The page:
LOS ANGELES — Los Angeles voters will consider a ballot measure on Nov. 6 that may pave the way to creating a publicly owned bank to make it easier for cannabis businesses to access commercial banking.
The ordinance signed Friday by Mayor Eric Garcetti asks voters to approve a city charter amendment to allow for the creation of a city-run bank.
Voter approval of the ballot measure would be an initial step in what city advisers described as a complex and costly process.
A report from City Attorney Mike Feuer said that amending the city charter eliminates one impediment to creating a municipal bank, but other roadblocks remain under federal, state and possibly even city law.
The city legislative analyst’s office in a March report suggested costs to establish a bank would be exorbitant. Though the CLA didn’t provide an estimated cost it cited a 2011 study from Massachusetts that suggested a statewide public bank would need $3.6 billion to open.
Potential sources of start-up funds considered in the report were the city’s general fund, bonds or money from a philanthropic organization.
“General Obligation Bonds would not be available either due to regulations regarding their use, such as time limits on when they can be used, prohibition on use to benefit a private party, and recordation of a covenant for public benefit on properties that receive bond funds,” according to the report.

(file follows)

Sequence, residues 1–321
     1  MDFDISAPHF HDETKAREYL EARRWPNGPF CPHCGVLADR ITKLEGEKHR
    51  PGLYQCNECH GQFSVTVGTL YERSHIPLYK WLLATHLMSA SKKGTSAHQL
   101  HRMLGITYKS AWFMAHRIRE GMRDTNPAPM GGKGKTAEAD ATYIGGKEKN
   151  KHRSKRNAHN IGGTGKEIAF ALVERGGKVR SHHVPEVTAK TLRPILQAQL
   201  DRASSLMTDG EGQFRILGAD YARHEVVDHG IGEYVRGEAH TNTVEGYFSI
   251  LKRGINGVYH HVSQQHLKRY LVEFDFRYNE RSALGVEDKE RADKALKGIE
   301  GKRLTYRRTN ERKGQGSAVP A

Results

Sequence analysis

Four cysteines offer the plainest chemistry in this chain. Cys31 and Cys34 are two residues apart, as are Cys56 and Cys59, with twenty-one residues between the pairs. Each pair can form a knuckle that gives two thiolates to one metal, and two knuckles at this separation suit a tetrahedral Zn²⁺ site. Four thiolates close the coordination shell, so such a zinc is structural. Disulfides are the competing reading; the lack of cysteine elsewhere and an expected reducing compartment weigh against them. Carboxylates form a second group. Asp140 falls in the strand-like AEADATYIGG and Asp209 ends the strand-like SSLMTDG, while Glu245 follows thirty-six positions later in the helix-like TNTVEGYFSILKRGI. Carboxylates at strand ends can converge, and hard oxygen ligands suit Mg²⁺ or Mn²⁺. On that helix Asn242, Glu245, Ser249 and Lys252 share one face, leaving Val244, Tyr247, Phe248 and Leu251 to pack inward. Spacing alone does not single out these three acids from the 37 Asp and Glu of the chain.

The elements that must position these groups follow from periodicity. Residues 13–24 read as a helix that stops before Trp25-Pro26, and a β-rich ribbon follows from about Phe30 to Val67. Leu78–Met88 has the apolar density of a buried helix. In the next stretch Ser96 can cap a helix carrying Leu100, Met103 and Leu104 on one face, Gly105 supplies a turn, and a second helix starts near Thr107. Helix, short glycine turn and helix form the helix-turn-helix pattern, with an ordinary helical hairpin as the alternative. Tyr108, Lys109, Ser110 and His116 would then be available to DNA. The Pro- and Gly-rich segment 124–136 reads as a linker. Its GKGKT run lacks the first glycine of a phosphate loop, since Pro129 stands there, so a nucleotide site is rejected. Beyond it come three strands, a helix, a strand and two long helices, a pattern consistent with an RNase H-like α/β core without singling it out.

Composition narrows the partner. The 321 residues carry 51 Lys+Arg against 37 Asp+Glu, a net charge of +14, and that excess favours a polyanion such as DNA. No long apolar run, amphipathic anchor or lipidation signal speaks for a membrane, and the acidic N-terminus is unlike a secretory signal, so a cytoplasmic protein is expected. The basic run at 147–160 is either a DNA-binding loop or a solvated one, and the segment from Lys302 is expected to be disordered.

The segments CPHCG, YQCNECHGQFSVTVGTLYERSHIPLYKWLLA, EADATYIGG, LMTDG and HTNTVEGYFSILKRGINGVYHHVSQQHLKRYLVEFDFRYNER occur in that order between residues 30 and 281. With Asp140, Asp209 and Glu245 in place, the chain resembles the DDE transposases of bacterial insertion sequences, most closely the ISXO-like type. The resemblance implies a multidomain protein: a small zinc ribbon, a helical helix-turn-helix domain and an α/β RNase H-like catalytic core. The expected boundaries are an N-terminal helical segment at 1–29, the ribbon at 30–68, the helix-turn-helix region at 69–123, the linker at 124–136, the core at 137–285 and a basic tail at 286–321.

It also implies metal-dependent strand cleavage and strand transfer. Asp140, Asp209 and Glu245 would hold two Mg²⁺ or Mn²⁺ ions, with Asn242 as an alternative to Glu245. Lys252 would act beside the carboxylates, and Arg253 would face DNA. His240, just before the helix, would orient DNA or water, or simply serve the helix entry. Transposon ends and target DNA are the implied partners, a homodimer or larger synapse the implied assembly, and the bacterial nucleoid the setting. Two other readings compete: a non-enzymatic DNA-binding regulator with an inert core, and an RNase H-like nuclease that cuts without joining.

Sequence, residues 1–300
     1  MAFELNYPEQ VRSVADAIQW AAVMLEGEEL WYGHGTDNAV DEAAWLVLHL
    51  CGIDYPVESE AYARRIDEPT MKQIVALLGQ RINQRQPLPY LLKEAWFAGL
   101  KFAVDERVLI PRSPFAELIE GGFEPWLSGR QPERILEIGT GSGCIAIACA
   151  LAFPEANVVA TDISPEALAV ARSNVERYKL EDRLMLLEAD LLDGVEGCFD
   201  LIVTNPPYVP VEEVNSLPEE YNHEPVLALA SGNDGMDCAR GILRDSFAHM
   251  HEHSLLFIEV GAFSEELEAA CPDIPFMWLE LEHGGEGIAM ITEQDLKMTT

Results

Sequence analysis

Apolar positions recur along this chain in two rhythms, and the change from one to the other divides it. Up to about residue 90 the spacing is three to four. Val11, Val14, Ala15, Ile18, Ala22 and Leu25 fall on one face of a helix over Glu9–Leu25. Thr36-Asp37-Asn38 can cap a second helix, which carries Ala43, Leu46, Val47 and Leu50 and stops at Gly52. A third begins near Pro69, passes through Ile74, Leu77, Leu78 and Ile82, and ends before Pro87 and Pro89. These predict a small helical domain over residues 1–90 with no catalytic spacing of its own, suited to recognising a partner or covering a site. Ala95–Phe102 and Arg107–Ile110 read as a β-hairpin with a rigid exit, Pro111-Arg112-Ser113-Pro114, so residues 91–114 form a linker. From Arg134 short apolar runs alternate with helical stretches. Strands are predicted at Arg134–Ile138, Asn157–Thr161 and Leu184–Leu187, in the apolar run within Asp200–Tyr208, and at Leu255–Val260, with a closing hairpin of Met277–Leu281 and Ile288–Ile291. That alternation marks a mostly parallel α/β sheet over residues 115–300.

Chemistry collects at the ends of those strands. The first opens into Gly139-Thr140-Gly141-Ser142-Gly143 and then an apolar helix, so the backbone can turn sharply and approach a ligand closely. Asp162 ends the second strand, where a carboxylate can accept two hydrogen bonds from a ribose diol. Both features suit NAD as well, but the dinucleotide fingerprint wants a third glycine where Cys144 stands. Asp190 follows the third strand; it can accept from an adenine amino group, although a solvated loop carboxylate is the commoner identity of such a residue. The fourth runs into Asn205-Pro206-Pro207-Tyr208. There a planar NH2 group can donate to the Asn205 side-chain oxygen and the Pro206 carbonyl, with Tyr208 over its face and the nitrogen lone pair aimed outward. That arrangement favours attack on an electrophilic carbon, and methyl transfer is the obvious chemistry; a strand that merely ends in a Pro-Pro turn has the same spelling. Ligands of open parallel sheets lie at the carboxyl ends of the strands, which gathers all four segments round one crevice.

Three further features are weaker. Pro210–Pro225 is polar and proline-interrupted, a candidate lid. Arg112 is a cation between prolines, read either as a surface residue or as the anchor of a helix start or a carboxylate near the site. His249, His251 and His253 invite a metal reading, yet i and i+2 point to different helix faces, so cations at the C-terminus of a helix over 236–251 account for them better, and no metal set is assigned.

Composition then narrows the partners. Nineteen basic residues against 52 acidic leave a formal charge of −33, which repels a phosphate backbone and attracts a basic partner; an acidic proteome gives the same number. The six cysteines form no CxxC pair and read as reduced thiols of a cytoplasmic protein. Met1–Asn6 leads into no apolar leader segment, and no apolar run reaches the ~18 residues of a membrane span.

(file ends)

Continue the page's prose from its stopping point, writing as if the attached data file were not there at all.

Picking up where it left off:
The Bank of North Dakota, the country’s only state-run bank, issued bonds to provide its initial capital when it was founded in 1919. The CLA’s report described failed efforts by numerous states including California to establish state banks since the 2008 economic crash. Among those was a 2012 effort by Hawaii that called for the issuance of $500 million in bonds.
Councilman Herb Wesson first introduced a motion to create a municipal bank in July 2017 saying that it could help finance affordable housing and help small businesses in addition to providing a safe place for cannabis businesses to keep their money.
Recreational marijuana sales and use became legal in California on Jan. 1.
Federally insured and regulated banks have refused to handle transactions from cannabis businesses, because the federal government still considers marijuana an illegal drug, one facing increasing hostility under the Trump administration.
The lack of access to banking means that marijuana businesses keep a great deal of cash on hand making them targets for robberies.
“This November, voters will have a chance to voice their support for a publicly-owned, democratically governed bank that invests in Los Angeles, not Wall Street,” Trinity Tran, organizer of Public Bank L.A., an organization advocating for the move, said in a statement. “This is an historic opportunity to take back our monetary power to invest in the long-term health of our communities.”
Oakland and San Francisco also are contemplating the feasibility of starting public banks.
State Treasurer John Chiang announced in January that his office and the state attorney general’s office would study establishing a state bank to support the cannabis business.
Fiona Ma, Democratic candidate for state treasurer, also supports a bill to create a banking system for cannabis to make it easier to collect tax revenues on the drug.